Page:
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Sonnet 144
Two loves I have of comfort and despair, Which like two spirits do suggest me still: The better angel is a man right fair, The worser spirit a woman colour'd ill. To win me soon to hell, my female evil Tempteth my better angel from my side, And would corrupt my saint to be a devil, Wooing his purity with her foul pride. And whether that my angel be turn'd fiend Suspect I may, but not directly tell; But being both from me, both to each friend, I guess one angel in another's hell: Yet this shall I ne'er know, but live in doubt, Till my bad angel fire my good one out.
Upward
Linecol Sonnet 145
Those lips that Love's own hand did make Breathed forth the sound that said 'I hate' To me that languish'd for her sake; But when she saw my woeful state, Straight in her heart did mercy come, Chiding that tongue that ever sweet Was used in giving gentle doom, And taught it thus anew to greet: 'I hate' she alter'd with an end, That follow'd it as gentle day Doth follow night, who like a fiend From heaven to hell is flown away; 'I hate' from hate away she threw, And saved my life, saying 'not you.'
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Sonnet 146
Poor soul, the centre of my sinful earth, These rebel powers that thee array; Why dost thou pine within and suffer dearth, Painting thy outward walls so costly gay? Why so large cost, having so short a lease, Dost thou upon thy fading mansion spend? Shall worms, inheritors of this excess, Eat up thy charge? is this thy body's end? Then soul, live thou upon thy servant's loss, And let that pine to aggravate thy store; Buy terms divine in selling hours of dross; Within be fed, without be rich no more: So shalt thou feed on Death, that feeds on men, And Death once dead, there's no more dying then.
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Sonnet 147
My love is as a fever, longing still For that which longer nurseth the disease, Feeding on that which doth preserve the ill, The uncertain sickly appetite to please. My reason, the physician to my love, Angry that his prescriptions are not kept, Hath left me, and I desperate now approve Desire is death, which physic did except. Past cure I am, now reason is past care, And frantic-mad with evermore unrest; My thoughts and my discourse as madmen's are, At random from the truth vainly express'd; For I have sworn thee fair and thought thee bright, Who art as black as hell, as dark as night.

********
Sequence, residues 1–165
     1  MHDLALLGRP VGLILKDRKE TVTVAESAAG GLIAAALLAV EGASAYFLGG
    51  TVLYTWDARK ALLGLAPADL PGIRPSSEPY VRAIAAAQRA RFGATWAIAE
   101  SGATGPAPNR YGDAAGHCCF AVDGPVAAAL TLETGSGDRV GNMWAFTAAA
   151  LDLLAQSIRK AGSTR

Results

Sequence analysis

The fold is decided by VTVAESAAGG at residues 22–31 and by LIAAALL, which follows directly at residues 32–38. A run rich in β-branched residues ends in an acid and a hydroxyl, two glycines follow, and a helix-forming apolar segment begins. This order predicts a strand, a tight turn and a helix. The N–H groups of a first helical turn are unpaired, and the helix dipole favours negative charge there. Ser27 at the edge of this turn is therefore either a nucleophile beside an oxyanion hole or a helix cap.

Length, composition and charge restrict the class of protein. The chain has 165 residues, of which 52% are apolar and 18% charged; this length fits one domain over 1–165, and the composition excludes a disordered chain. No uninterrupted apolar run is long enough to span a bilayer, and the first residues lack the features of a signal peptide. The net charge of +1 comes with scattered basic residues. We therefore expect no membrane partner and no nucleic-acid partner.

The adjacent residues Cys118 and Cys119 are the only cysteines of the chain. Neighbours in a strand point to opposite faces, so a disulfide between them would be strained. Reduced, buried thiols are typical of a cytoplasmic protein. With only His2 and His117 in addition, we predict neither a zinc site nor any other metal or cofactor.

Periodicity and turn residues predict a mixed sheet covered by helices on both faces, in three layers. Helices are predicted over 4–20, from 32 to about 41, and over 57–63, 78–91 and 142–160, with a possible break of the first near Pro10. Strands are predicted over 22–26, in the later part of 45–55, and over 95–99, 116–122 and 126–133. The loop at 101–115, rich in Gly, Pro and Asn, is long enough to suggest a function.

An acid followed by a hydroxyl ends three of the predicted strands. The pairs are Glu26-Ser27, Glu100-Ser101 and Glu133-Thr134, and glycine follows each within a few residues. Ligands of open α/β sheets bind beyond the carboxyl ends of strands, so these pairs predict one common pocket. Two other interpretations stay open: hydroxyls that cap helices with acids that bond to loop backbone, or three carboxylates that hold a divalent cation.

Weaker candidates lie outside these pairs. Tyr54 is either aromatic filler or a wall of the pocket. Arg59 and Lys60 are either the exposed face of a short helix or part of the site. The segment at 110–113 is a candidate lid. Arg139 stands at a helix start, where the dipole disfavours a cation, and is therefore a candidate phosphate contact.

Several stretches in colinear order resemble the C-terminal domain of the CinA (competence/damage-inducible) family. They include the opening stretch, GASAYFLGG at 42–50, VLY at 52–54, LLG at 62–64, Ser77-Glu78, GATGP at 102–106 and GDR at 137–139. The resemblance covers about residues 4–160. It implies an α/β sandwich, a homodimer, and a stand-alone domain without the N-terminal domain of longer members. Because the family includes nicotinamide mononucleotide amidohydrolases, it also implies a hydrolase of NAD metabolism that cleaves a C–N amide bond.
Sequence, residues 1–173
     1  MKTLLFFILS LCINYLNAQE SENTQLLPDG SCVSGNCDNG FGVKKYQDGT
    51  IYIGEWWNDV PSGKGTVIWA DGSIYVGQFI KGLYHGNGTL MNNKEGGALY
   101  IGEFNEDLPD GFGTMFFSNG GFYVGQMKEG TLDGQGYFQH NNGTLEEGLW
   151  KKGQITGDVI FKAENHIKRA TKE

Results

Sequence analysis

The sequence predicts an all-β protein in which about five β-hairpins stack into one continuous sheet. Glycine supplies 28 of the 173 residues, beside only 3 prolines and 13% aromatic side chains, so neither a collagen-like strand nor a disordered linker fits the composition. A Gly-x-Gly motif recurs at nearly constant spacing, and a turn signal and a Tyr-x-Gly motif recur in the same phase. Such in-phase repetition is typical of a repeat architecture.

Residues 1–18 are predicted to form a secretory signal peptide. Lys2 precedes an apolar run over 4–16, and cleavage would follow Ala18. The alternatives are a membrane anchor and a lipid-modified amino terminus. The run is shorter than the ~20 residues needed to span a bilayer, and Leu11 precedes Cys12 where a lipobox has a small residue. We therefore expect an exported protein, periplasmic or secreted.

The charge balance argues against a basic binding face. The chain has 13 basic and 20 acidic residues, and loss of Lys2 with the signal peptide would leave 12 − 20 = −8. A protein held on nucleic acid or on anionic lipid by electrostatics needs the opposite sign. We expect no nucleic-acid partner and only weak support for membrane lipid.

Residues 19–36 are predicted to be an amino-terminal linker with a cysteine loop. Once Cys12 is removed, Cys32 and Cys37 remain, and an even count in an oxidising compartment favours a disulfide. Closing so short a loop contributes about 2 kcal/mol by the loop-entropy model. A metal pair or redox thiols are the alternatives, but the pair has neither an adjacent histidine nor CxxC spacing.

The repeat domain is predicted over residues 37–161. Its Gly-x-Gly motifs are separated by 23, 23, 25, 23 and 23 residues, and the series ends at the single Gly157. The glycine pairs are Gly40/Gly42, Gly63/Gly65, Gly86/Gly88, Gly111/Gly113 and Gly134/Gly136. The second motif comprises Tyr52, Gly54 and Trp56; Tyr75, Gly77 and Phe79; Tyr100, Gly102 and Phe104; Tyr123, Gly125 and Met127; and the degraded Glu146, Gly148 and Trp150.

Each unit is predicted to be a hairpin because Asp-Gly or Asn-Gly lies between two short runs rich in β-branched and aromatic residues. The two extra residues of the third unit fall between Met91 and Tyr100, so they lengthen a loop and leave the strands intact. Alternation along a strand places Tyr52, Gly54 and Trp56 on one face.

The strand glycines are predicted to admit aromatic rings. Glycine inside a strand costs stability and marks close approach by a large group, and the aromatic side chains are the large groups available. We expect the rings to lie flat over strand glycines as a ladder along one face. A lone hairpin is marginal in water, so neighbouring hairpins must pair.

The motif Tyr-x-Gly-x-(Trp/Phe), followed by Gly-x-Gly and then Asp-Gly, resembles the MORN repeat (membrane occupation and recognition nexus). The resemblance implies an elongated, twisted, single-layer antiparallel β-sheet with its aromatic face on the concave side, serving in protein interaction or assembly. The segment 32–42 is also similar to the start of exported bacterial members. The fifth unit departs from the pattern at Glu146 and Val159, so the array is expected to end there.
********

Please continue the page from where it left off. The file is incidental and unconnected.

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Sonnet 148
O me, what eyes hath Love put in my head, Which have no correspondence with true sight! Or, if they have, where is my judgment fled, That censures falsely what they see aright? If that be fair whereon my false eyes dote, What means the world to say it is not so? If it be not, then love doth well denote Love's eye is not so true as all men's 'No.' How can it? O, how can Love's eye be true, That is so vex'd with watching and with tears? No marvel then, though I mistake my view; The sun itself sees not till heaven clears. O cunning Love! with tears thou keep'st me blind, Lest eyes well-seeing thy foul faults should find.
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Sonnet 149
Canst thou, O cruel! say I love thee not, When I against myself with thee partake? Do I not think on thee, when I forgot Am of myself, all tyrant, for thy sake? Who hateth thee that I do call my friend? On whom frown'st thou that I do fawn upon? Nay, if thou lour'st on me, do I not spend Revenge upon myself with present moan? What merit do I in myself respect, That is so proud thy service to despise, When all my best doth worship thy defect, Commanded by the motion of thine eyes? But, love, hate on, for now I know thy mind; Those that can see thou lovest, and I am blind.
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Sonnet 150
O, from what power hast thou this powerful might With insufficiency my heart to sway? To make me give the lie to my true sight, And swear that brightness doth not grace the day? Whence hast thou this becoming of things ill, That in the very refuse of thy deeds There is such strength and warrantize of skill That, in my mind, thy worst all best exceeds? Who taught thee how to make me love thee more The more I hear and see just cause of hate? O, though I love what others do abhor, With others thou shouldst not abhor my state: If thy unworthiness raised love in me, More worthy I to be beloved of thee.
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Sonnet 151
Love is too young to know what conscience is; Yet who knows not conscience is born of love? Then, gentle cheater, urge not my amiss, Lest guilty of my faults thy sweet self prove: For, thou betraying me, I do betray My nobler part to my gross body's treason; My soul doth tell my body that he may Triumph in love; flesh stays no father reason; But, rising at thy name, doth point out thee As his triumphant prize. Proud of this pride, He is contented thy poor drudge to be, To stand in thy affairs, fall by thy side. No want of conscience hold it that I call Her 'love' for whose dear love I rise and fall.
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Sonnet 152
In loving thee thou know'st I am forsworn, But thou art twice forsworn, to me love swearing, In act thy bed-vow broke and new faith torn, In vowing new hate after new love bearing. But why of two oaths' breach do I accuse thee, When I break twenty? I am perjured most; For all my vows are oaths but to misuse thee And all my honest faith in thee is lost, For I have sworn deep oaths of thy deep kindness, Oaths of thy love, thy truth, thy constancy, And, to enlighten thee, gave eyes to blindness, Or made them swear against the thing they see; For I have sworn thee fair; more perjured I, To swear against the truth so foul a lie!


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The black lady
Sonnets 127=>139


The black lady
Sonnets 140=>152


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© Gaston D'Haese: 06-10-2006.
Update 30-05-2017.